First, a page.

The following photographs are part of the Arctic Images from the Turn of the Twentieth Century exhibition presented at the National Gallery of Canada. Featuring material from Library and Archives Canada’s collections, the exhibition showcases rarely seen images, which document photographers’ travels in the Canadian north. In many cases, these images present a romanticized view of the people and places.
One of the earliest images is this photograph of a hunter, taken by George Simpson McTavish while he was stationed at the Hudson’s Bay Company at Little Whale River, Quebec, in 1865.
The majority of photographers who ventured to the Arctic regions were men, and for the most part, were employed by the Hudson’s Bay Company and the Canadian government. Geraldine Moodie was one of the few female photographers. She had a successful photography studio prior to moving north with her husband when he was posted to the North West Mounted Police station in Fullerton (Qatiktalik in Inuktitut), Nunavut. Her portrait of an Inuit widow and her children, taken around 1904, is a good example of her beautifully composed images.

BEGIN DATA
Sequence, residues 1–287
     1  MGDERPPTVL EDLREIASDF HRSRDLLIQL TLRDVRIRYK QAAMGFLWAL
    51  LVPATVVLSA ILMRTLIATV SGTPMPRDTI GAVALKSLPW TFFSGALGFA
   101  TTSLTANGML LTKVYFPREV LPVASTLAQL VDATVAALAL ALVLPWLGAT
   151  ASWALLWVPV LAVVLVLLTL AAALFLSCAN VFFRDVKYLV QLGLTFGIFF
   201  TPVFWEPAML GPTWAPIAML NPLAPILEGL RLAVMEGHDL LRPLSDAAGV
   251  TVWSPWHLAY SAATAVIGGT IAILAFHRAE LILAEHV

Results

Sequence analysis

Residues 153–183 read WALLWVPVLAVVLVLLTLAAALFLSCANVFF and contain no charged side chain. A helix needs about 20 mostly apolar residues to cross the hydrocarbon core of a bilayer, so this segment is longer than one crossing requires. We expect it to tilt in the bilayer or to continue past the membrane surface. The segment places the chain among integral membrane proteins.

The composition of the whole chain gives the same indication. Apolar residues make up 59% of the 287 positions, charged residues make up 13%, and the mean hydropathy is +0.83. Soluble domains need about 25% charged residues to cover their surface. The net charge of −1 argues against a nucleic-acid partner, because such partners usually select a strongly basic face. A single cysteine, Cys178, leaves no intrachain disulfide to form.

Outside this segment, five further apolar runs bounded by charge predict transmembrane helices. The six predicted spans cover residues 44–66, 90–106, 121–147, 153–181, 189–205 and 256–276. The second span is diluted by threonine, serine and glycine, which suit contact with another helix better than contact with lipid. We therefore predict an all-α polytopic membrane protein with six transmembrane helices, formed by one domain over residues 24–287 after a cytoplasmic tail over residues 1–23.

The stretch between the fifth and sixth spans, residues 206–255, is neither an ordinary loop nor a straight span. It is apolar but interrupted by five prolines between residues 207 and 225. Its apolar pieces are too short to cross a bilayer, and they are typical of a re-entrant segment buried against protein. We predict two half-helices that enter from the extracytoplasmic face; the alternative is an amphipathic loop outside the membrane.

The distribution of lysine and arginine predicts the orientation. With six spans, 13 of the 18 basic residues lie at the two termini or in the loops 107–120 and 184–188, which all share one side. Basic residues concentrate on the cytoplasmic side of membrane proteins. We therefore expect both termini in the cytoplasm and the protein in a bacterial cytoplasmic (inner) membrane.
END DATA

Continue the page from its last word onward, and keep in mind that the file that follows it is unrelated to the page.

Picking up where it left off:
The vast majority of photographs of Inuit emphasized the ethnological attitudes of the era by presenting them as “types,” such as this 1926 image of an unidentified man.